Add to this some really strange stylistic choices by Hooper and the result is really just a strange little picture. Burns and Finley are about as surreal a couple as can be found in film. She is a beautiful woman who hides under a hideous wig while he is an impotent, incoherent, and totally incompetent husband and man. Her patronizing comments merely prolongs his torture in this horrible marriage, and pushes farther into unhinged delirium. Finley’s portrayal of the character is spot-on but doesn’t really fit the story. His crazed reactions to his wife on a couple of different occasions showcases his acting abilities but don’t make much sense in the scheme of things, ultimately adding confusion where there shouldn’t be any. An occasionally screechy and annoying score doesn’t help the film either.
But apart from several flaws in the film, there is enough good material to outweigh the bad. The end result is a quirky, fun, but ultimately uneven film. Hooper sweetens the deal with a few decent gore effects as well as several beautiful women who undress for the camera.
Never the classic that other Hooper films became, Eaten Alive, has nevertheless persisted if for nothing else but its general quirkiness. Arrow Video USA has released a Blu-Ray/DVD combo pack featuring a 2K restoration that really allows the colors to pop. As bizarre as this film is, it’s also loads of fun to watch simply for the color schemes and set decoration. As usual, the package is loaded with special features, including a commentary cobbled together from cast and crew like producer Rustam, special effects maestro Craig Reardon, and Roberta Collins, William Finley, as well as Kyle Richards who plays the little girl, Angie. It’s a fun and informative commentary. There is also an isolated music and sound effects track, though I found the music irritating enough during the film that I’m not particularly interested in listening to it by itself.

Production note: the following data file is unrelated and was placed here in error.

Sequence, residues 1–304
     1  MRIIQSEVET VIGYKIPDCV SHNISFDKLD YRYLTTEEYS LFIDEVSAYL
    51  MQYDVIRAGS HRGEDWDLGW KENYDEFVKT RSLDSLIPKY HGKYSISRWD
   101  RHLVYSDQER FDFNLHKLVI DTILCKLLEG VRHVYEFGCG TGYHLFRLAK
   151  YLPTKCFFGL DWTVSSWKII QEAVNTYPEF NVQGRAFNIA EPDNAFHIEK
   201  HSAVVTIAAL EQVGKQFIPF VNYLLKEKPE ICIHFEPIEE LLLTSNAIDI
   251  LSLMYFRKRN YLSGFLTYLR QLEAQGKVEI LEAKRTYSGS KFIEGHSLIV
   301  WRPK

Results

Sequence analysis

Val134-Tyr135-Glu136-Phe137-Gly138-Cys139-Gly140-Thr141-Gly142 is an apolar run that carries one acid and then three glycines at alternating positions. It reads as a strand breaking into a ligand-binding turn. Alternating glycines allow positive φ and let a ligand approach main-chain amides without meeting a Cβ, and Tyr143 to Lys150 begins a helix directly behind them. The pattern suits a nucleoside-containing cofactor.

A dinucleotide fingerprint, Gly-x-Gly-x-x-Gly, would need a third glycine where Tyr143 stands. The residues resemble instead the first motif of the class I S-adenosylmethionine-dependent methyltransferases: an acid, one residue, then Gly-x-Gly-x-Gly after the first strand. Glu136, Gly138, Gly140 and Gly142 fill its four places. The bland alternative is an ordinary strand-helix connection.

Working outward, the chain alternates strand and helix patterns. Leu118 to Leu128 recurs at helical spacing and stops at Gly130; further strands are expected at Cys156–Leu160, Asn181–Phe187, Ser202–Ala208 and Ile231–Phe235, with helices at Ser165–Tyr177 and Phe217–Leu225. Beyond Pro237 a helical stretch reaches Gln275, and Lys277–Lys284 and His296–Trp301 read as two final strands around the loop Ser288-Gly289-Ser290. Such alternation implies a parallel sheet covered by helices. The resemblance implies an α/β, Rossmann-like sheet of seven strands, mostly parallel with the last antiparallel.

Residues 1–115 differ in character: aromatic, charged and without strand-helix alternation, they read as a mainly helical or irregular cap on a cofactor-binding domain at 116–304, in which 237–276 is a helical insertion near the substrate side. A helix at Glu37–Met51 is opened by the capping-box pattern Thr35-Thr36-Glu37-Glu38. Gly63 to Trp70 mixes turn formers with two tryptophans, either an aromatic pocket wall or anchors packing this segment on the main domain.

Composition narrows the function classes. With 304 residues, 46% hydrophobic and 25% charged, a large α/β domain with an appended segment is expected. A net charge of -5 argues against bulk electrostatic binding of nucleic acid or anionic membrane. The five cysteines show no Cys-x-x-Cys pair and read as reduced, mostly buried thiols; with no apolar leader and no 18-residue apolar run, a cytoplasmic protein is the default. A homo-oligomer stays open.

There are several interviews included like “Blood on the Bayou,” a 14-minute interview with Toby Hooper, “Gator Bait” with Janus Blythe, “Monsters and Metaphors” with Craig Reardon, a Hooper archive interview called “The Gator Creator,” “My Name is Buck” with Robert Englund, and “5ive Minutes with Marilyn Burns.” There is also a short documentary on a local Texas serial killer who killed and fed at least two wives to some alligators he kept behind his bar, called “The Butcher of Elmendorf.” Along with these features, there are tons of movie trailers with alternate titles for the film, TV spots, and several galleries. My favorite gallery is the preview audience comment cards which simply tear the film apart. It’s funny to read the hateful comments people put when the film was in preview.
Not Hooper’s best film, but definitely not his worst, Eaten Alive deserved to be considered for what it is: a unique, slightly experimental tale based on true events in post-WWII Texas. Available now, you can order from Amazon or directly from Arrow at http://www.arrowfilms.co.uk/category/usa